Aung San Suu Kyi (photo, from smh.com), the country’s detained opposition leader, could be freed within six months, has hinted Myanmar’s military government.
It is Nyan Win, Myanmar’s foreign minister, that made the suggestion, which came as members of the Association of South-East Asian Nations (Asean) issued a strong rebuke, expressing their “deep disappointment” at Aung San Suu Kyi’s continued house arrest.
In Singapore, a four-day annual security summit opened, and the joint statement also urged Myanmar’s rulers to engage in a “meaningful dialogue with all political groups and work toward a peaceful transition to democracy in the near future”.
It is rare for the 10-nation Asean group, which includes Myanmar, also known as Burma, to take such a strong stance on a member state’s internal affairs.
George Yeo, Singapore’s foreign minister, said that during a pre-summit dinner on Sunday, Nyan Win told him that under Myanmar law, a political detainee can be held for a maximum period of only six years.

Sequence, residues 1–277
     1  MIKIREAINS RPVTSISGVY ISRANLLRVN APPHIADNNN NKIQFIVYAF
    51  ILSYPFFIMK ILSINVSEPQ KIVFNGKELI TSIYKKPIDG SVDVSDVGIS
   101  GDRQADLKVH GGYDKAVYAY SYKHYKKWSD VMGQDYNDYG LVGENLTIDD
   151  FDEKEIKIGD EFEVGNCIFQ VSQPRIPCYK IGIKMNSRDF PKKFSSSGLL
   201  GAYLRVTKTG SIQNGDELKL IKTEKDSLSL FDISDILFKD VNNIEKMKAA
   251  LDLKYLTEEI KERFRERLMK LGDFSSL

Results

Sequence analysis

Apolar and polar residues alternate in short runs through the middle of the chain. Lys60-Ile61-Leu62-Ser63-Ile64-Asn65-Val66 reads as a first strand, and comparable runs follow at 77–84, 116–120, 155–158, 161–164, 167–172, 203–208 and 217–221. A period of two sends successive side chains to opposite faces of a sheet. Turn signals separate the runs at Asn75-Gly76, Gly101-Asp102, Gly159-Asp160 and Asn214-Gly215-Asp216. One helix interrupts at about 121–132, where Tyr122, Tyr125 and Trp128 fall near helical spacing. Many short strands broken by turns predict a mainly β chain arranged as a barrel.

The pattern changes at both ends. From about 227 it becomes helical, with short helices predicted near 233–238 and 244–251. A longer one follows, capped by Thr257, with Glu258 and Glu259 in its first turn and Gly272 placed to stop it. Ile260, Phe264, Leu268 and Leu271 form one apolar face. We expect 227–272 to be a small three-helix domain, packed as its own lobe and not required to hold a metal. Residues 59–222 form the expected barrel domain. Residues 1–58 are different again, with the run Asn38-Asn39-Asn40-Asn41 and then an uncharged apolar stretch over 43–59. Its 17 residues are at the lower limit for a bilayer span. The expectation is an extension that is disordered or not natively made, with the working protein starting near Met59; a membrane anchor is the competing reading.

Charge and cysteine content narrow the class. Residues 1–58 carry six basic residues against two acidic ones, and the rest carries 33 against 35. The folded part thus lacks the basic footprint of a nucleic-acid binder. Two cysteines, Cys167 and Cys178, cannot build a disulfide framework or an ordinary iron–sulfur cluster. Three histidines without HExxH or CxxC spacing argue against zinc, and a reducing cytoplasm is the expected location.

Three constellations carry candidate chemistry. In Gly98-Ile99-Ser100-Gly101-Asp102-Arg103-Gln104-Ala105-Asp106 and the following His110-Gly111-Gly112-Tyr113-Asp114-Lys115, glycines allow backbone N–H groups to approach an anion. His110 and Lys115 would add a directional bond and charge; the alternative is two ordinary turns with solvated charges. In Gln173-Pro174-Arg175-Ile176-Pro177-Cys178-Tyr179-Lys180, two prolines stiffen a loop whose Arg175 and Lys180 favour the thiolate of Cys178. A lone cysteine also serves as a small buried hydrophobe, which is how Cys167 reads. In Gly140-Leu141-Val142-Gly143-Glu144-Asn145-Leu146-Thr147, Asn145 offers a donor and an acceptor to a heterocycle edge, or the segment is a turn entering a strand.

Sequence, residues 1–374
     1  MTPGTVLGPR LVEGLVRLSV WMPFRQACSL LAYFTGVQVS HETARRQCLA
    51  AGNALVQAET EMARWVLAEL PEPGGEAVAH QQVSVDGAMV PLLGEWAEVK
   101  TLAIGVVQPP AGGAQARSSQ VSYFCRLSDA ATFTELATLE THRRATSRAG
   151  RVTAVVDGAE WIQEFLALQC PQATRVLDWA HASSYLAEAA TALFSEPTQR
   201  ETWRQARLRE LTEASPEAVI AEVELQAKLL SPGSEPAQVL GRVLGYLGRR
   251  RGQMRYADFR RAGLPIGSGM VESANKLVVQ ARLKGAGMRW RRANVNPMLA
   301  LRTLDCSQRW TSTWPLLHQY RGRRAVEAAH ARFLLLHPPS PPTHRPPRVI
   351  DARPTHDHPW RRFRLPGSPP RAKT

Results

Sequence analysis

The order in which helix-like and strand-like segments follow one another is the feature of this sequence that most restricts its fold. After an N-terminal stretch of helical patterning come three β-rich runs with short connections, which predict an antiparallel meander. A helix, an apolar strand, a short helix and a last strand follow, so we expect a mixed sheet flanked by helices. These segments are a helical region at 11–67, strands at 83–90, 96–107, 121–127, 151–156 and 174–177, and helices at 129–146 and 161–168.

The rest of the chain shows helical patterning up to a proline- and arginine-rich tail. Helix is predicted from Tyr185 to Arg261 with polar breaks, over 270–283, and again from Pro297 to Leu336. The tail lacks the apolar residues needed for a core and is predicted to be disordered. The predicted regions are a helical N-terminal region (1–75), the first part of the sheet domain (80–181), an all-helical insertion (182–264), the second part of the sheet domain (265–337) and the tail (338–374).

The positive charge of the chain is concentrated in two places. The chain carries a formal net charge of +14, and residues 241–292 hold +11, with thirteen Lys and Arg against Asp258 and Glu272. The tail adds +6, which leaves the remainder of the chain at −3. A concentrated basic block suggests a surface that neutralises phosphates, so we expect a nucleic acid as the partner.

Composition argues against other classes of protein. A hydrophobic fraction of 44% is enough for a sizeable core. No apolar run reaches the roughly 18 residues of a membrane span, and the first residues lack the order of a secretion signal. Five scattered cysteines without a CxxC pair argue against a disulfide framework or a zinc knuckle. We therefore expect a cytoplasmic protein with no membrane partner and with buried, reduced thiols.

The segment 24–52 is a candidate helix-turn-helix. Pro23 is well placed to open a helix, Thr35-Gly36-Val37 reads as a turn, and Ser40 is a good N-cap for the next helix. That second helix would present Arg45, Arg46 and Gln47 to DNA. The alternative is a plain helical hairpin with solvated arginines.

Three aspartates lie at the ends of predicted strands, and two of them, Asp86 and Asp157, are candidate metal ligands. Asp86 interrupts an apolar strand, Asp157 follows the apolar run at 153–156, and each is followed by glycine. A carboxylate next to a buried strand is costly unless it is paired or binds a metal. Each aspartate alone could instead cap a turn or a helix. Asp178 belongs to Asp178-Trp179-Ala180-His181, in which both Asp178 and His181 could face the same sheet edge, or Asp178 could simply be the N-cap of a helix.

In relation to Aung San Suu Kyi’s detention, that timescale would expire within six months, he said.
“He told me that the six-year limit will come up in about half a year’s time”, Mr Yeo told reporters on Sunday.
When he was asked whether that meant she could be freed, he answered : “I am just repeating to you what he told me and I think that is not an inaccurate inference.”
Aung San Suu Kyi’s house arrest has been extended in May, by Myanmar’s ruling military for another 12 months.
How that decision is affected by the foreign minister’s suggestion that she could be freed is not clear.
For most of the past 18 years, Aung San Suu Kyi has been held under house arrest or in Yangon’s notorious Insein jail.
A landslide victory has been won in the national elections held in 1990, by her party, the National League for Democracy, but it was never allowed to take office.
A report is due to be released by Asean leaders, during the Singapore summit, concerning the aftermath of Cyclone Nargis, which in early May, swept through Myanmar’s Irrawaddy Delta, leaving more than 80,000 dead.
Over their response to the storm, and for blocking access to international relief groups in the crucial early days of the disaster, Myanmar’s generals were widely criticised.